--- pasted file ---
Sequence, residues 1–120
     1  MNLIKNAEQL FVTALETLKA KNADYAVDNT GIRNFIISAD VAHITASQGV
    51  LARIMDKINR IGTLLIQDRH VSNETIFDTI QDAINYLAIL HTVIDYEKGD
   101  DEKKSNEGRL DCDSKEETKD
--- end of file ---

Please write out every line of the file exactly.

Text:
Sequence, residues 1–120
     1  MNLIKNAEQL FVTALETLKA KNADYAVDNT GIRNFIISAD VAHITASQGV
    51  LARIMDKINR IGTLLIQDRH VSNETIFDTI QDAINYLAIL HTVIDYEKGD
   101  DEKKSNEGRL DCDSKEETKD